Wasteland: Authorities grapple with illegal dumping in Orange Valley
Illegal dumping at Orange Valley. Photo courtesy Derick Bhupsingh.
Heaped beneath a sign warning about a $2000 fine or imprisonment for illegal dumping in Orange Valley lie a number of old appliances, scores of plastic bottles, garbage bags and other debris.
This has been the scene leading to the swamp at Orange Valley for an extended period of time since the Couva/Tabaquite/Talparo Regional Corporation (CTTRC) lost its funding to keep on some 14 Environmental/Sanitation Officers on contract to monitor illegal dumping and enforce the Litter Act in the area.
The issue, however, is not a new one as dumping occurs frequently in the area.
Flashback: A refrigerator lies atop a sheet of rusted galvanise near the entrance to the swamp at Orange Valley in 2013. A massive cleanup was commissioned by the CTTRC at the time, but, illegal dumping continues at the site. Photo via Facebook, Orange Valley Village Council.
While Environmental Police with the Environmental Management Authority (EMA) have responsibility for monitoring and punishment, the Unit remains underresourced and understaffed, giving indiscriminate dumpers ample opportunity to discard unwanted items there.
Couva North MP, Ramona Ramdial, is now calling for the installation of CCTV cameras and 24-hour monitoring to prevent illegal dumping in the area, which leads out to a watercourse. Resources, she said, that should come from the Ministry of Agriculture, Land and Fisheries.
She noted that during her tenure as Junior Minister at the then Ministry of the Environment and Water Resources (MEWR), substantive Minister Ganga Singh intended to equip the Environmental Police Unit (EPU) with the requisite human resource capacity needed to carry out its mandate.
“There was a plan to hire 100 more EMA police officers while I was there at the Ministry (MEWR) … There was a plan there with Minister Singh and myself but when we left office I don’t think they (current administration) continued with that plan.”
“The EMA can’t provide the enforcement we would like to see on the ground,” she said.
Dumping continues unabated at Orange Valley as the CTTRC and EPU remain underresourced.
Without the enforcement and monitoring provided by these officers, Ramdial said the responsibility rests squarely on the shoulders of residents to report instances of illegal dumping to the EMA or file a complaint with the Regional Corporation.
As an immediate measure to treat with the present situation, the Couva North MP is encouraging residents to contact the Councillor or her Constituency Office to commence cleanup operations where possible.
“They can call the Councillor and myself as well and we would try to deal with it. But at this point in time, I will make contact with the CTTRC, I will contact with the Councillor, I will make contact with the Chairman and we would get the trucks in to pick up the old appliances and I would get the garbage trucks to come in and we’ll see how best we can clean up around the area.”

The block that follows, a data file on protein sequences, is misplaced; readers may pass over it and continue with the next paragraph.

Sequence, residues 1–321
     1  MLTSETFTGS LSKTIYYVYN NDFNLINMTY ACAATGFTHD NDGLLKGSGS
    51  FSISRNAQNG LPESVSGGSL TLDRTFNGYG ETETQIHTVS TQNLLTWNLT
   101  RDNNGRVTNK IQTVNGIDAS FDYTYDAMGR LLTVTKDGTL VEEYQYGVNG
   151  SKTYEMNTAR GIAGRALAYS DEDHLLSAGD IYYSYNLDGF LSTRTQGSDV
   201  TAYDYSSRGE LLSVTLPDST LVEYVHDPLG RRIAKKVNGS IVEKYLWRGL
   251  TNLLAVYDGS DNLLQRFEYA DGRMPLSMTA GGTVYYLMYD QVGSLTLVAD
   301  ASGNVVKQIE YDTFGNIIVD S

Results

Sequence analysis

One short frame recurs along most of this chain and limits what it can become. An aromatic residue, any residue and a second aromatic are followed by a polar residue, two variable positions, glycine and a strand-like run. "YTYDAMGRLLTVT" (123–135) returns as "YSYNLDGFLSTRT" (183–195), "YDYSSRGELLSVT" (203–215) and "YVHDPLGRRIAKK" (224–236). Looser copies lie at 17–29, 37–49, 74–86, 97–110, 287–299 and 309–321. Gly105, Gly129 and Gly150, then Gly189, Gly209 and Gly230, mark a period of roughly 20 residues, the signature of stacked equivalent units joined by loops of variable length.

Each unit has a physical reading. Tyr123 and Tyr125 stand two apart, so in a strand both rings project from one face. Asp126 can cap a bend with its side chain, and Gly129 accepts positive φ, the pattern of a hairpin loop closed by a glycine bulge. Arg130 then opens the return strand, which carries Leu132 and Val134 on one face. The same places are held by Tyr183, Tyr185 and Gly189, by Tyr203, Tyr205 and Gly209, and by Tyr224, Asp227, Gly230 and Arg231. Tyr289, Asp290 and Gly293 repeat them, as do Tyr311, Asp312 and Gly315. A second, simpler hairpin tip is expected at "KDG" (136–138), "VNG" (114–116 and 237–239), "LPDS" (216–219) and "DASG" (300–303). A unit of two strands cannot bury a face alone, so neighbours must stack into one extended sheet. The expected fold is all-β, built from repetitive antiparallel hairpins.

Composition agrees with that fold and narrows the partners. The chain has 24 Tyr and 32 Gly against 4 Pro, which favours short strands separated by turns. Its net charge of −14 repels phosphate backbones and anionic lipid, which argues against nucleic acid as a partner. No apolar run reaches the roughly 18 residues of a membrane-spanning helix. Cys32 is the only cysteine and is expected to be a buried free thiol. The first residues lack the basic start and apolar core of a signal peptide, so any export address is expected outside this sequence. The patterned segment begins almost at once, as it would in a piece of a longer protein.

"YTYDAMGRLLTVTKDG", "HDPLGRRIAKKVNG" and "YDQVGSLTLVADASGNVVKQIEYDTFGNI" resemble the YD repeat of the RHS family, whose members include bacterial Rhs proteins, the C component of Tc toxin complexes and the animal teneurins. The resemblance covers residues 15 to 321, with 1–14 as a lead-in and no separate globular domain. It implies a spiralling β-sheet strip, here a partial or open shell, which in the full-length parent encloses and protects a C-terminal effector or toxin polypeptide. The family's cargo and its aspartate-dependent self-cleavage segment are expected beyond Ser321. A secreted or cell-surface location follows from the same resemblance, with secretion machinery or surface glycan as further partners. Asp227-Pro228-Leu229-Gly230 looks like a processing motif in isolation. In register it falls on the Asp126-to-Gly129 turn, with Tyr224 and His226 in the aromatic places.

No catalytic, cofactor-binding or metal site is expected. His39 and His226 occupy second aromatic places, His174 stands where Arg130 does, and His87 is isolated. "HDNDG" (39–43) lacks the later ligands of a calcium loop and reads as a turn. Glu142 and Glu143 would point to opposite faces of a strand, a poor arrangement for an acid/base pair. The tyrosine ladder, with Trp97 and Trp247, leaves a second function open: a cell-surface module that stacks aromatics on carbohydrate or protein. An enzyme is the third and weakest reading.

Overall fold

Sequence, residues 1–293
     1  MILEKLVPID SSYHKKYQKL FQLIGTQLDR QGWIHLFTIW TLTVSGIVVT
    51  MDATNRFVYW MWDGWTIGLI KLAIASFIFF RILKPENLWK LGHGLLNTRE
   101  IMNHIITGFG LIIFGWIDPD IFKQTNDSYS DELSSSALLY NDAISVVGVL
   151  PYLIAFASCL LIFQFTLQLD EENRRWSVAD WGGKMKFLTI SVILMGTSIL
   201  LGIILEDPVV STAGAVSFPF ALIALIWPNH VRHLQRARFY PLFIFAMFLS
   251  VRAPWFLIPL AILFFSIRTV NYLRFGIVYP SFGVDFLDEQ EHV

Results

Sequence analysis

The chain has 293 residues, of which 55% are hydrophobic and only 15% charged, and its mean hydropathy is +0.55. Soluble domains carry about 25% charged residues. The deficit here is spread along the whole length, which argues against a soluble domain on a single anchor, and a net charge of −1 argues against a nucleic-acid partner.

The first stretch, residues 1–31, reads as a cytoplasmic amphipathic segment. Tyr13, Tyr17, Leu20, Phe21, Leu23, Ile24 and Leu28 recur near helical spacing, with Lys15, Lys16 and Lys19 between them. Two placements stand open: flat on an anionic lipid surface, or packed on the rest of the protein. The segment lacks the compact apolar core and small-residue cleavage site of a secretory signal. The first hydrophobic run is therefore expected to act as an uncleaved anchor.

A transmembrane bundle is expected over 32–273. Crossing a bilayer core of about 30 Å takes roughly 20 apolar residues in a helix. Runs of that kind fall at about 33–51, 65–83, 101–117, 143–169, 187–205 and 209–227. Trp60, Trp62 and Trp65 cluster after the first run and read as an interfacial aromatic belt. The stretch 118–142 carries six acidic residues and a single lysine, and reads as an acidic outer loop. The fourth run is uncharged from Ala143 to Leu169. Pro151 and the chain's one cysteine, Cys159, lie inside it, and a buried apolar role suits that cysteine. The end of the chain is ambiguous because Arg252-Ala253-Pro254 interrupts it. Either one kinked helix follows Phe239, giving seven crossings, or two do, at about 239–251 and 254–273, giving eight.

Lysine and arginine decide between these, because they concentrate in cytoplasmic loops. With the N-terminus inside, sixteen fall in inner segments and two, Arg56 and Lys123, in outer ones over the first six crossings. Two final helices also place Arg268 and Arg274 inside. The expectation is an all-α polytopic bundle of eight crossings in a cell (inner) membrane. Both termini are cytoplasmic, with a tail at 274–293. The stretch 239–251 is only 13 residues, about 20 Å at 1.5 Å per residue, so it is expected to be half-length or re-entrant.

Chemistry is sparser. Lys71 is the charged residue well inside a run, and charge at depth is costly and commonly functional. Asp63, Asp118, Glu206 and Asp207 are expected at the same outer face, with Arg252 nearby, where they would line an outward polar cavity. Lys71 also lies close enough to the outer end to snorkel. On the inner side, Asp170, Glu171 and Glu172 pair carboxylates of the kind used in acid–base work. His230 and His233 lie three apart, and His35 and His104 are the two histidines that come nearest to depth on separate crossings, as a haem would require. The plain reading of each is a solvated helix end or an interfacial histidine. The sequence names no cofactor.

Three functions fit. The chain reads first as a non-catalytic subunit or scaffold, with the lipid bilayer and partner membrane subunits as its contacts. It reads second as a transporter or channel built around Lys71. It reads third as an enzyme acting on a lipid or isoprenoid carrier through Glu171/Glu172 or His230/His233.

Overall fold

Regarding a long term solution, she said placing barriers to the entrance would deter litterbugs from using the area as a dumpsite. She noted, however, that some challenges remain in implementing such a measure.
“The long term solution to illegal dumping in the Orange Valley area really is to block off the road, to have a barrier at some point along that road that the fishermen use to go offshore and take their boats out to fish.”
“That has been quite contentious over the years because we have some of the fishermen saying that they don’t want the road to be blocked off because there is a huge fish market there every morning at four o’ clock,” she continued.
With a vendor’s market next door to the early morning fish sales, many are opposed to the erection of barriers as they believe that the influx of potential buyers and the movement of fishermen out to sea would be adversely affected.
Illegal dumping at Orange Valley
Photos used with permission from Derick Bhupsingh.
With the 14 environmental officers now on standby employment until funding becomes available, she said the intervention of the Ministry of Agriculture is needed to stem the problem.
“The resources have to be given via the Ministry of Agriculture as the Fisheries Division to either put up CCTV cameras to monitor the area or to have that barricade going with 24 hour security so that person mans that road that gives you access to the swamp.”
“It’s a work in progress as we are trying to deal with illegal dumping at this point in time,” Ramdial added.
EMA Environmental Police Unit
The Environmental Police are special reserve police officers appointed by the Commissioner of Police and assigned to the EMA. Established in July 1999, the Environmental Police Unit (EPU) assists the EMA with prosecution of offences under the Environmental Management Act, Chapter 35:05 and its subsidiary legislation.
The EPU also exercise their general Police functions under the Summary Offences Act, Chapter 11:02 and other legislation such as the Motor Vehicles and Road Traffic Act, Chapter 48:50 (black smoke emission) and the Litter Act, Chapter 30:52 (illegal dumping), among others.
In 2004, three environmental officers were dispatched to Tobago’s Environmental Police Unit.
While plans were on the books to boost the complement of environmental officers by 100 in 2012, there has been no new recruitment since 2012 when 12 officers were brought on.
Citizens are reminded that bulk waste removal services are available through the Regional Corporations. Contact numbers are listed below.
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